A group of escaped convicts led by a sadistic neo-Nazi meet their unlikely match in a moody 13-year-old girl in Becky, an effectively grisly new home invasion thriller now streaming on Amazon Prime.
Off to a cottage retreat some time after the death of her mother, the titular Becky (Lulu Wilson, of Annabelle: Creation and Oujia: Origin of Evil) gets an unpleasant surprise when she finds out that Dad (Joel McHale) has invited new girlfriend Kayla (Amanda Brugel) and her young son (Isaiah Rockcliffe) to join them.
But the family is about to get an even bigger shock with the arrival of a group of prison escapees led by the imposing Dominick (Kevin James), who are out looking for the movie’s MacGuffin, a key that Dom has hidden in the basement of the cabin years before his incarceration.
But Becky turns what could have become a usual home-invasion thriller on its head in its use of the titular character: out in her treehouse while Dad and co. are tied up and tortured, angsty teen Becky morphs into John Mclane, hacking together makeshift weapons from the kinds of materials found in a 13-year-old girl’s backpack and taking out the criminals one-by-one.
Almost inherently due to that premise, Becky is not to be taken entirely seriously, even though the underlying story is fairly straightforward. But the film is propelled to almost parodic levels thanks to the presence of sickeningly over-the-top graphic violence, which may shock anyone who doesn’t know what they’re getting into.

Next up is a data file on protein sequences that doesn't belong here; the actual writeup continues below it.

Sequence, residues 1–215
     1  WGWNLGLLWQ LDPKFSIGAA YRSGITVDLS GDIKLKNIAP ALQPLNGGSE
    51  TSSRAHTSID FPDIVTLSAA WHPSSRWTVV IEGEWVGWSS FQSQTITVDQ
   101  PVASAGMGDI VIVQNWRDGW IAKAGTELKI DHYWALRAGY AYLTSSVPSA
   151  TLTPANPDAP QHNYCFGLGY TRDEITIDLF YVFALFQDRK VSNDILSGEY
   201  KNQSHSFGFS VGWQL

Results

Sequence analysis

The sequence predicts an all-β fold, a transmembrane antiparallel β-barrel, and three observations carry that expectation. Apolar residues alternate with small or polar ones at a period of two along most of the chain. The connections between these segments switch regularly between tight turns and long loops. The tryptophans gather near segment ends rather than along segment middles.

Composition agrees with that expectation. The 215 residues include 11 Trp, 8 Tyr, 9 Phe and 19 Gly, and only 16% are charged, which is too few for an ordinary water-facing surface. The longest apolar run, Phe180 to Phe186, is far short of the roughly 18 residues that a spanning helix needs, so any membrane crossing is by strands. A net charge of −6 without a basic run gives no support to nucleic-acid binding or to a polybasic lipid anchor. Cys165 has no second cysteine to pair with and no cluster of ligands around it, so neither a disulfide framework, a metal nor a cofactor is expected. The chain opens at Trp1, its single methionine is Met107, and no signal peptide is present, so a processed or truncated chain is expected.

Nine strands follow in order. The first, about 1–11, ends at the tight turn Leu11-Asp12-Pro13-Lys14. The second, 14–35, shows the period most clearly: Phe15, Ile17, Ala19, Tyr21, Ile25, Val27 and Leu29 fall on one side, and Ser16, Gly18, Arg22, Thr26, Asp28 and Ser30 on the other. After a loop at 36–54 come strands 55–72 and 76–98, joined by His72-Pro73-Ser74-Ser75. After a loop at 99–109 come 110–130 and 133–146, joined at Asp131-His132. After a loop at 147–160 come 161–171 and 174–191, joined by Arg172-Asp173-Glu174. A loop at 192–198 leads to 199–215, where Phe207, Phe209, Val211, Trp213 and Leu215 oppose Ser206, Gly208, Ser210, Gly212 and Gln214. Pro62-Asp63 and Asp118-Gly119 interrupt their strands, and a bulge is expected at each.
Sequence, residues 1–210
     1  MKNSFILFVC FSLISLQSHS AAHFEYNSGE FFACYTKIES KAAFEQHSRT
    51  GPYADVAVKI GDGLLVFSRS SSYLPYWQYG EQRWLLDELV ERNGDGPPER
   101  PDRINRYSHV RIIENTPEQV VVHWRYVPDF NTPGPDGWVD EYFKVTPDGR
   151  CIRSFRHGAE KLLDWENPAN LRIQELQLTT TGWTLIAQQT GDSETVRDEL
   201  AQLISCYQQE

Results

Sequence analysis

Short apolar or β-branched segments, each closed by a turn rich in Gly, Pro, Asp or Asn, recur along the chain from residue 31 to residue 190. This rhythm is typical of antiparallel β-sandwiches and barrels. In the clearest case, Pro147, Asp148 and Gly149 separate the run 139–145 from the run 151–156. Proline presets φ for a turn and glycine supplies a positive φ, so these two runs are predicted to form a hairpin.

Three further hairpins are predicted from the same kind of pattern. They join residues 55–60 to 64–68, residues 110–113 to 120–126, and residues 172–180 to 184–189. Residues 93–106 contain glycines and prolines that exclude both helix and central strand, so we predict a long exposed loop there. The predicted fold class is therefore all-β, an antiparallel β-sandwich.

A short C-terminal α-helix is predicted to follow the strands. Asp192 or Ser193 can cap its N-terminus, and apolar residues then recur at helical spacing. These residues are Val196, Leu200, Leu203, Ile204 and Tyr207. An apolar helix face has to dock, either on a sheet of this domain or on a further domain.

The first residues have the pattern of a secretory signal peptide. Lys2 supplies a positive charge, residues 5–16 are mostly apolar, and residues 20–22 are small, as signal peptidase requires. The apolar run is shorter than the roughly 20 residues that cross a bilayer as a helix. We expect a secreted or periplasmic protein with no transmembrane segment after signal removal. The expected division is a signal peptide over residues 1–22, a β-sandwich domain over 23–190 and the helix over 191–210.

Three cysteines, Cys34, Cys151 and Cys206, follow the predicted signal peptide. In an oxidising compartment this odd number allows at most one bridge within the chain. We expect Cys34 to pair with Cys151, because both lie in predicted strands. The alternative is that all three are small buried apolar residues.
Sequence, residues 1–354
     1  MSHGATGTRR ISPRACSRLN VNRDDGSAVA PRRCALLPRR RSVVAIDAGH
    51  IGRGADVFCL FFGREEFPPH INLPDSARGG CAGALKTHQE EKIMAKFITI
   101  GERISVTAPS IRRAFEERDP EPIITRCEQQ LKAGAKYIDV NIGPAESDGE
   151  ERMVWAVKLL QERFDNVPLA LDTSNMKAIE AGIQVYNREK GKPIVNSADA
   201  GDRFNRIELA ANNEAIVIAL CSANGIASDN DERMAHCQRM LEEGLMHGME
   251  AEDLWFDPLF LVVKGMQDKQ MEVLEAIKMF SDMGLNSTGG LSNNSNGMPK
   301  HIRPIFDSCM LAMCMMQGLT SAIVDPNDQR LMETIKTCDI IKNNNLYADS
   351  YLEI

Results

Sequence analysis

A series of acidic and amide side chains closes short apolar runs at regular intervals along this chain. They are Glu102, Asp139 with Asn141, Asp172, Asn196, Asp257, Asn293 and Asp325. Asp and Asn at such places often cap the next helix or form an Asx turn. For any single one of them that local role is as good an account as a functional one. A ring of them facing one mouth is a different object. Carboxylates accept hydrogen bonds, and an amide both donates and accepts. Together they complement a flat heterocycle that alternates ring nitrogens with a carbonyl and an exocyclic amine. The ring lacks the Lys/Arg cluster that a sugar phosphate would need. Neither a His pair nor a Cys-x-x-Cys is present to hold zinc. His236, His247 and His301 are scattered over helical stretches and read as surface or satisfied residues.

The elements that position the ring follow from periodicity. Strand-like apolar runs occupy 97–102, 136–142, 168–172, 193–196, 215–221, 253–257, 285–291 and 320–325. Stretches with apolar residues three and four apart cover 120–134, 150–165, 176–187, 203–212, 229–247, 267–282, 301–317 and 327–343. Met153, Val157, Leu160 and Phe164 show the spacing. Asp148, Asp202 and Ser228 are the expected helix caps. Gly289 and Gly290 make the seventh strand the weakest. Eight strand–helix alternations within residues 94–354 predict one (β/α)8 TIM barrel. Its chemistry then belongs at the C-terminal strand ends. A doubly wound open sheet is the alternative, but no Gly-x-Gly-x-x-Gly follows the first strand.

Sporting a ratty beard and shaved head full of Nazi tattoos, to say that Kevin James is playing against type here would be an understatement; this is the first time the Paul Blart: Mall Cop star has stepped outside the comfort zone of family comedy, and he’s a total revelation. Frighteningly imposing throughout, James even overshadows six-foot-ten co-star Robert Maillet, who typically plays the baddie in these types of things.
But it’s Lulu Wilson who makes Becky really work: all-too-believable as the angst-ridden teenager still grieving over the death of her mother and full of angst over dad’s new relationship, she turns what might have been cartoonish into something raw and real, despite the sometimes-goody nature of the proceedings.
Co-directors Jonathan Milott and Cary Murnion previously made the effective, if mild, B-movies Bushwick and Cooties; despite some tonal issues, Becky is their most accomplished work to date, and well worth checking out for the performances by James and Wilson and a unique spin on the home invasion thriller. Gore-averse audiences, however, are best advised to stay away.